Aerial access platforms are a convenient and usually cost-effective method of close access. Depending on the height of the ruin and the distance which needs to be bridged to reach the ruin (the outreach), machines can either be self-propelled or mounted on a lorry. Larger machines which achieve greater height and outreach are normally lorry mounted (Figure 3.15). Aerial access platforms, even small units which achieve a maximum height of 10 metres, are heavy in weight to counterbalance the load which is lifted. Mobile platforms therefore require a solid level ground (with no risk of subsurface voids) to operate from. It is important to anticipate the risk of voids in the ground surrounding the ruin and preliminary geomatic surveys using ground penetrating radar or resistivity are advisable if the make-up of the site is unclear. The route across the site must also be reasonably level and firm, otherwise a temporary roadway will be required.
The key advantage of aerial access platforms over scaffolding is their flexibility, especially the larger lorry-mounted machines. They can traverse obstructions in front of the ruin and even extend up over the ruin and drop down the other side to provide access across significant areas of vertical and horizontal elevations. They can even telescope down barrel vaults to inspect the underside of the vault, provided there is access for the platform and boom to safely enter. They avoid contact with the ruin but get close enough for the surveyor to touch the surface.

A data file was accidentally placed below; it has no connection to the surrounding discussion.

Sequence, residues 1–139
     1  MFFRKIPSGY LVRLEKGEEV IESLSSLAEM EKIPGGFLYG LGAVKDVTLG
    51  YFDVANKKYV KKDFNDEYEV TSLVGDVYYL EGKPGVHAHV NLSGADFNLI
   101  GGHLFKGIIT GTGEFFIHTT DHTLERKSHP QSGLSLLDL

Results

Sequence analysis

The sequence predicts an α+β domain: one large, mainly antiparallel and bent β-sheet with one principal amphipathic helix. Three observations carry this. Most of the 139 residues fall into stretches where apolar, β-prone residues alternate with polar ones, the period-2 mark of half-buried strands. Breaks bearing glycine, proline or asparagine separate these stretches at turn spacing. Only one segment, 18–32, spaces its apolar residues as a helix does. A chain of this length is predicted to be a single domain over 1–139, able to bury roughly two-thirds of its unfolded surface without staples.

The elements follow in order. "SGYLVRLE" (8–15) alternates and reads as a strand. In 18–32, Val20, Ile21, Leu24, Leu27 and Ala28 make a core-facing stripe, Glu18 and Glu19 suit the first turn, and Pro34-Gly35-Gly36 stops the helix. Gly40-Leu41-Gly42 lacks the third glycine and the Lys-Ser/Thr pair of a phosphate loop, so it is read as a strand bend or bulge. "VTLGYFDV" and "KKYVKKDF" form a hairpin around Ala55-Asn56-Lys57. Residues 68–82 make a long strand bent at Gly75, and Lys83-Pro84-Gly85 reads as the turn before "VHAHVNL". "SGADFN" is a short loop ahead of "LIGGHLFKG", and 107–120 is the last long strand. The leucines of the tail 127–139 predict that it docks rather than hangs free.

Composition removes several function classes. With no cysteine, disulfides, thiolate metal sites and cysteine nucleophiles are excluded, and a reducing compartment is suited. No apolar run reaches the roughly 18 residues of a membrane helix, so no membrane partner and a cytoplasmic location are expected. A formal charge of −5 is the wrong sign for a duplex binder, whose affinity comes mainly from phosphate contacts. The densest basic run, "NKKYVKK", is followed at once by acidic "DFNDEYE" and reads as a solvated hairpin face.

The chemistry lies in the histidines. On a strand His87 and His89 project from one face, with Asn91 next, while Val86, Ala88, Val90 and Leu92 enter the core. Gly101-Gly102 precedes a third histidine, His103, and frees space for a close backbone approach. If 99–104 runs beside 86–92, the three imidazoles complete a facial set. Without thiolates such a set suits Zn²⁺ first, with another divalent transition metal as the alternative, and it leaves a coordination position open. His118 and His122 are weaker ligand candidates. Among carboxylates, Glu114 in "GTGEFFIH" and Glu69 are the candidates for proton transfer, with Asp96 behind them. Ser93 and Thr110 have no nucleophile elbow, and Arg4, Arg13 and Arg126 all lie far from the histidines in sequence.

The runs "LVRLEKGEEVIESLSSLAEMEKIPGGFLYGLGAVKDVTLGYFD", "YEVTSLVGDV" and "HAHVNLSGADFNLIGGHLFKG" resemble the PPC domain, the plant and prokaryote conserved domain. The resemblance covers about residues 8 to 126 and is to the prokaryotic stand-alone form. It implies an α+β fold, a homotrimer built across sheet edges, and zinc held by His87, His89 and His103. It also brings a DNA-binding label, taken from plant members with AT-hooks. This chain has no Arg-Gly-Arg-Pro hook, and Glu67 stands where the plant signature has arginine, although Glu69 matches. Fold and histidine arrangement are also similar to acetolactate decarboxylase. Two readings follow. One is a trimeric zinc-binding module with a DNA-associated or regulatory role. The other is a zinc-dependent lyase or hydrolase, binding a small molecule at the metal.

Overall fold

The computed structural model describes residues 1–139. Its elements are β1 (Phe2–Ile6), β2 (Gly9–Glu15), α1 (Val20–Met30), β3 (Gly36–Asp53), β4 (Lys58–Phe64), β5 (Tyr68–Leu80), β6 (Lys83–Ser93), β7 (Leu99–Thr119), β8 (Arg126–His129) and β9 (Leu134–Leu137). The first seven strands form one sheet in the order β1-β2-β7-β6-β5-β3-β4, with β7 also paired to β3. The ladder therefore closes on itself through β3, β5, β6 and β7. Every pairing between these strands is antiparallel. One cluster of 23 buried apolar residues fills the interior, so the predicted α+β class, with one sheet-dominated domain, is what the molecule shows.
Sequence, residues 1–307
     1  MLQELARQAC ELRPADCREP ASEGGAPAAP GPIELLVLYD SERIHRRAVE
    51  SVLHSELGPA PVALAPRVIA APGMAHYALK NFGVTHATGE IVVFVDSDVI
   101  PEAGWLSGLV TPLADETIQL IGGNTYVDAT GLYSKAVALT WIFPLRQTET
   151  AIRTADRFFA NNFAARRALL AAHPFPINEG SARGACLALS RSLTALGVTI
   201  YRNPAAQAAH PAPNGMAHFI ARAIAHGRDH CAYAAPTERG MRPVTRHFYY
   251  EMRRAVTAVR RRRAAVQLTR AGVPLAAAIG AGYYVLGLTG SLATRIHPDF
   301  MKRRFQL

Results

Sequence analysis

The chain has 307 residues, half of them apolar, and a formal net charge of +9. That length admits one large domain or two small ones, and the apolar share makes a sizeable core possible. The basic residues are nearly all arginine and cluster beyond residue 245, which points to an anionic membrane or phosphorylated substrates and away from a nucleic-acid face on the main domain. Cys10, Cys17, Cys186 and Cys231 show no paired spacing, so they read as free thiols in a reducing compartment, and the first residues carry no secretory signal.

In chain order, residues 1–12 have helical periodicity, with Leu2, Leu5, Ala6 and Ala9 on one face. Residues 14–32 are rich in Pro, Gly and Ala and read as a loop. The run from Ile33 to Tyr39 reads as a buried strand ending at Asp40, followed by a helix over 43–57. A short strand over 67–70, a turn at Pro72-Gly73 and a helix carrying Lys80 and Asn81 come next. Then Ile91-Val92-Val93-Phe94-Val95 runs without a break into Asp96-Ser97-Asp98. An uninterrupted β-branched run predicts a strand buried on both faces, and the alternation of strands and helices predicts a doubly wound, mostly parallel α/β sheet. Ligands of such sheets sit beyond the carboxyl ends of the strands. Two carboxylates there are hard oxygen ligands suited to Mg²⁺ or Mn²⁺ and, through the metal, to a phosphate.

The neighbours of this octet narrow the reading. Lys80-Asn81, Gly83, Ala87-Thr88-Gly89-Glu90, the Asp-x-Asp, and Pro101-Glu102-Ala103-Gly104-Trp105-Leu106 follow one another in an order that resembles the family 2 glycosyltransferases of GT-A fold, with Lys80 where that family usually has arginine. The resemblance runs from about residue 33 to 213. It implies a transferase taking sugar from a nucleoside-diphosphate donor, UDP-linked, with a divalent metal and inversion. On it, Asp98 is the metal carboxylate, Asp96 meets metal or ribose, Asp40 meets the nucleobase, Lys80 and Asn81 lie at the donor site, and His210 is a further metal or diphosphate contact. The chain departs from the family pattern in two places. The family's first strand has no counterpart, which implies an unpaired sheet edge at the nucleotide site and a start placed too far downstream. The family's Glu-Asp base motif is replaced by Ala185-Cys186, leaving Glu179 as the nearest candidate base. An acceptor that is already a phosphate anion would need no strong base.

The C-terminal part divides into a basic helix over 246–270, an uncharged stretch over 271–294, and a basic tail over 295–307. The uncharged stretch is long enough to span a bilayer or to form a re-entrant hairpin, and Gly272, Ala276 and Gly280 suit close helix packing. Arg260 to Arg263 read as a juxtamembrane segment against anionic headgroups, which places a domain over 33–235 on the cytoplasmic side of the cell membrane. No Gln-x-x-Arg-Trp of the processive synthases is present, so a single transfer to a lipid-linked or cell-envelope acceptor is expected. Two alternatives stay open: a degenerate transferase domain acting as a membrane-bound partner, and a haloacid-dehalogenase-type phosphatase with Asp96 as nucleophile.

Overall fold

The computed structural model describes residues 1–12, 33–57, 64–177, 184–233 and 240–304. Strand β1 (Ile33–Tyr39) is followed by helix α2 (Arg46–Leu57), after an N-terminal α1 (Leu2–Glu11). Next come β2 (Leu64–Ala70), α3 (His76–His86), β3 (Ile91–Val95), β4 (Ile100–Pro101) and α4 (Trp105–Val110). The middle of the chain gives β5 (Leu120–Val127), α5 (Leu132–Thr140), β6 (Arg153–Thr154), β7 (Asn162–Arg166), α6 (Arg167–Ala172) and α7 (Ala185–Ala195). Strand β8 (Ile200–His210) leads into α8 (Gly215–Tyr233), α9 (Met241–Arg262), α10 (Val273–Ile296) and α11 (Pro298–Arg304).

Surveys from aerial access platforms often demand greater discipline when adopting a methodical approach, due to the absence of scaffolding lifts, and horizontal reference points and close proximity to the building face, which can lead to disorientation. To avoid this, it is often useful to divide the building into horizontal bands following the lines of architectural mouldings, such as string courses, band courses, floor levels (defined by a line of windows), plinths, etc. It can be difficult and sometimes impossible to take this approach when dealing with plain masonry elevations, for example rubble walls without architectural detail. In these instances, orange string lines can be temporarily pinned into mortar joints across the elevation to provide horizontal reference lines to work to. When adopting this approach, set out the lines at two-metre spacing so that they approximate the position of scaffold levels for ease of reference for conservators who will need to locate the defects during a later programme of repair. In some cases it will be easier to survey a wall in vertical bands, but the survey data should be translated into horizontal bands in the office when the survey is written up. In this case orange string lines can simply be dropped down the wall face and retained in place by weights at the top and bottom (bricks or stones).
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